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TMFBomb (91.62)

Is the government bailing out GM and Ford?

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August 05, 2008 – Comments (4) | RELATED TICKERS: FNMA , GM , SIRI

First, the government teamed up with JPMorgan Chase to bail out Bear Stearns.  Then IndyMac needed help.  This was right around the same time as the Fannie Mae and Freddie Mac bailouts.  Leaving moral hazard issues for another day, I at least get all of those moves.  When banks fail, the credit market dries up, and the whole economy suffers. 

But bailing out the likes of bumblers GM, Ford, and Chrysler?  Really?   

Bloomberg reports that a Michigan Congressman is seeking to speed up the implementation of a $25 billion loan program for the U.S. automakers.  That figure’s eerily similar to the combined quarterly losses reported by GM and Ford recently.  Sorry, dad, I crashed the car (company).  Can I have money for another?   

Okay, I know this plan to help GM et al convert some of their factories over to alternative-fuel vehicle production was put in place back in December.  But the U.S. carmakers’ fortunes weren’t so rosy back then, either.   

Under the plan, the government would lend $25 billion for up to 25 years at Treasury rates.  How much of a discount is that?   Well, the market thinks GM debt is so risky that it charges GM almost 13% more than comparable Treasuries.  Compare a rate in the high teens to what you pay on your mortgage.  Talk about a subprime loan!   

It seems like free competition has a very subjective definition these days.  While the government has been socializing losses among its chosen children, it took 17 months to allow Sirius and XM to merge into Sirius XM.  Unlike these other folks, the satrad guys weren’t asking for a bailout or a handout.  They just wanted the government to acknowledge what we all knew – that two companies that are bleeding money while competing against free alternatives (terrestrial and Internet radio) and the mighty Apple does not constitute a monopoly. 

I know I'm combining the actions of a lot of different government agencies here, but I can't discern any semblance of an overall game plan.  It feels very arbitrary and reactive.  As a guy who generally favors more government regulation over financial landmines like derivatives, investment banks, and hedge funds, these latest movements make me wonder how forward-thinking and skillful that regulation would be. 

Full disclosure:  I own shares in Sirius XM (a candidate for my personal “worst investment ever”).

4 Comments – Post Your Own

#1) On August 05, 2008 at 6:44 PM, DemonDoug (78.88) wrote:

Is the government bailing out GM and Ford?

The short answer is yes.

The slightly longer answer is that bailing these guys out doesn't stink as much as the ag bill, BSC bailout, ABK/MBI/FNM/FRE bailouts, because with GM and Ford, at least we are producing something tangible, as opposed to just moving paper around.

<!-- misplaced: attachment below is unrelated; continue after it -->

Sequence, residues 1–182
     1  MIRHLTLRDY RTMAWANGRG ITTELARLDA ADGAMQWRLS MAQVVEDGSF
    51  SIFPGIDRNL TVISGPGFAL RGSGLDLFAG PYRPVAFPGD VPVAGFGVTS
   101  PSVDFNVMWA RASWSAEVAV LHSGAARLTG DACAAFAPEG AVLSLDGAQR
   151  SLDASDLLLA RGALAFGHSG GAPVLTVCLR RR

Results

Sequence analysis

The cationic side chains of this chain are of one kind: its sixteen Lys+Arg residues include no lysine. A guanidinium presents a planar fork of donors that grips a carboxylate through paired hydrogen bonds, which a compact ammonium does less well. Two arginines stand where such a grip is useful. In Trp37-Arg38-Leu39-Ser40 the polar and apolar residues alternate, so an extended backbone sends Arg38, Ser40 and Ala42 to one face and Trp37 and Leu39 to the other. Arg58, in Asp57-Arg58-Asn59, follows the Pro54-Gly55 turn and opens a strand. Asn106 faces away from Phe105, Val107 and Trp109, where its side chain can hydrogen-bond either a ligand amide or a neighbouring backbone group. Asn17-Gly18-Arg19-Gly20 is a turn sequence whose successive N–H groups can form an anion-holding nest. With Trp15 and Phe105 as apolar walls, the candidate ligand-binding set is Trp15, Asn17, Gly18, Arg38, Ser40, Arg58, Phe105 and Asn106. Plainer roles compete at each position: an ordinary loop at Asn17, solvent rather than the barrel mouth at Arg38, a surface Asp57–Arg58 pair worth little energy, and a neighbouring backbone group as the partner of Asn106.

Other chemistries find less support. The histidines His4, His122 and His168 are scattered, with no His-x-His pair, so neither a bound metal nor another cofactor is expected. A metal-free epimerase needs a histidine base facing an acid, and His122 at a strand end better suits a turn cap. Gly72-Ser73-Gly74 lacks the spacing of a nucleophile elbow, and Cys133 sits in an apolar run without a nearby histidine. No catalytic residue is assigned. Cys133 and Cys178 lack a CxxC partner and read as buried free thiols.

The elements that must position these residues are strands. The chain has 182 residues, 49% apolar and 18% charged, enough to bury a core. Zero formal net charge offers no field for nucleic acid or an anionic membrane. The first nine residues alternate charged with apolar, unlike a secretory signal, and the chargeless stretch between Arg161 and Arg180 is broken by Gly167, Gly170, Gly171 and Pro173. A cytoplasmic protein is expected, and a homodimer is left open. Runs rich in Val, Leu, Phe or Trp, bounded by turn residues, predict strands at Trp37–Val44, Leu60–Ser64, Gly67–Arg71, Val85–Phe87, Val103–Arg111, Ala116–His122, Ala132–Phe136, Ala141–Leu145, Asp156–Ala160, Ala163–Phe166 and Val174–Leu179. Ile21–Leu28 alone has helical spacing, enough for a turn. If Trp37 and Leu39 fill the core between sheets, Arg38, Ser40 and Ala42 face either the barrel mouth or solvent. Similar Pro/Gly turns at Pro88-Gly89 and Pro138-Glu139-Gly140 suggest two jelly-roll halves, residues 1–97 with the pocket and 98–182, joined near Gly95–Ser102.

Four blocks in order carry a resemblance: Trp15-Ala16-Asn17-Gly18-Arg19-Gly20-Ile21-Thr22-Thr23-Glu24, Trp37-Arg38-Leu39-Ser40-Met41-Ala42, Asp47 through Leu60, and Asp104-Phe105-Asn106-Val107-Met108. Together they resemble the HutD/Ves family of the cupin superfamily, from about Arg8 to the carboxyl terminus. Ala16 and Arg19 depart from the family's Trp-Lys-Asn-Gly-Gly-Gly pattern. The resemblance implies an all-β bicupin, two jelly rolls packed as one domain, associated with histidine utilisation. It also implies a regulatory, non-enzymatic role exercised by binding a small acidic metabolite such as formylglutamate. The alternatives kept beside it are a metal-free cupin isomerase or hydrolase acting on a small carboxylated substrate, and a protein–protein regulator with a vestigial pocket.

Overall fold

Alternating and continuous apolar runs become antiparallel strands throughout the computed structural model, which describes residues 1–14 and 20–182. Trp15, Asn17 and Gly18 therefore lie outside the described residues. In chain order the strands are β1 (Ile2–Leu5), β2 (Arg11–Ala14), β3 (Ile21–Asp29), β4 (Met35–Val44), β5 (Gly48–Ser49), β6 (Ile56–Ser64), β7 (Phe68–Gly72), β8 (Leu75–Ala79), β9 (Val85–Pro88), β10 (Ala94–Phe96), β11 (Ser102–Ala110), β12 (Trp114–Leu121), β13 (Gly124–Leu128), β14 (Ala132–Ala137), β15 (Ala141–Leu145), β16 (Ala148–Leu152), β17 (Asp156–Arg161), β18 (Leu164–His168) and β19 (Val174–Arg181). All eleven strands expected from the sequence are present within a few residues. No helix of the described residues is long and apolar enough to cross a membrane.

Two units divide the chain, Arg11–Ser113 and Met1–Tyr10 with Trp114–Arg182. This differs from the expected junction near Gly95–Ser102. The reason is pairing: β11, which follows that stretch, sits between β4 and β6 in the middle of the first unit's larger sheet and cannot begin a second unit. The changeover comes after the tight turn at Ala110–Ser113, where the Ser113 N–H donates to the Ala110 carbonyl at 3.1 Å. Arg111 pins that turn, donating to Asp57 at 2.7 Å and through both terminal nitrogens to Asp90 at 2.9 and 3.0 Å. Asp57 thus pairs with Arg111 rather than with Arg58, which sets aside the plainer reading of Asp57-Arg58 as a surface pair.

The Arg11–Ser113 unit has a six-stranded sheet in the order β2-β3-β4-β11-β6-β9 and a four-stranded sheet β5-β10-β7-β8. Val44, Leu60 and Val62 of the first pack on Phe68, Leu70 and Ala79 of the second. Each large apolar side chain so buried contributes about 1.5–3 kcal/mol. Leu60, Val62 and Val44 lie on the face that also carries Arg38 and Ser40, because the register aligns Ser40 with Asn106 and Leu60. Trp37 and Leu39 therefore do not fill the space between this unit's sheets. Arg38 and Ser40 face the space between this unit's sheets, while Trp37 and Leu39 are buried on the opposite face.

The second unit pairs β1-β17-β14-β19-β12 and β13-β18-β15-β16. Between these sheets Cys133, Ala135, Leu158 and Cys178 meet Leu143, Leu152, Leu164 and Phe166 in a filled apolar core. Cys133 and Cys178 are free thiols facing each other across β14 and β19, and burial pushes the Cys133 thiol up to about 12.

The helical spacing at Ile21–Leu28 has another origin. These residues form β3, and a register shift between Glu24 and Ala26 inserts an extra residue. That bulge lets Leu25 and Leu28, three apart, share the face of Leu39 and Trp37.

Granted, I would prefer everyone to fail.  I believe there is enough capital out there that someone could swoop in and buy up assets at firesale prices and be able to build a car company from ground up, or a bank or financial company from ground up.  It would clear a lot of the toxic waste from the system.

But I completely agree with the sentiment, and many many many of us are absolutely appalled at the central planning/socializing/communism that has been going on in the financial markets in the past year.

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#2) On August 05, 2008 at 7:09 PM, IBleedConcrete (77.27) wrote:

Just like with banks, you can look at it from the counterparty perspective.  If GM or Ford went bankrupt then the state of Michigan might eventually follow which would be pretty nasty for the US financial system. Not that I agree with the policy.

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#3) On August 05, 2008 at 9:44 PM, nuf2bdangrus (< 20) wrote:

We always claim not to want to promote moral hazard, but every case in which trouble arises, a bailout arises because it's "too big".  "The repercussions would be too significant".  The umbrella og the Fed gets larger, as does the bill for future generations.

 

I'll support a bailout when the CEO's forego all bonuses, live on a modest salary, and all of the back bonuses are returned back to the shareholders.  

 

DISGUSTING.  And it comes out of YOUR paycheck. 

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#4) On August 05, 2008 at 10:11 PM, Richthofen80 (87.16) wrote:

Heck, why not. Chrysler was of course bailed out once before. See 1979.

http://www.heritage.org/research/EnergyandEnvironment/bg276.cfm

Same story as then, too. Foreign competition eating them up, high oil costs. it's the seventies all over again! of course, no one should be surprised. If they failed to be good stewards then, what makes anyone think they could keep their company afloat long term?

I miss real managers, CEOs and presidents. Do you think Jack Welch would ever need a bailout? Doubt it. We have a generation of terrible corporate leadership

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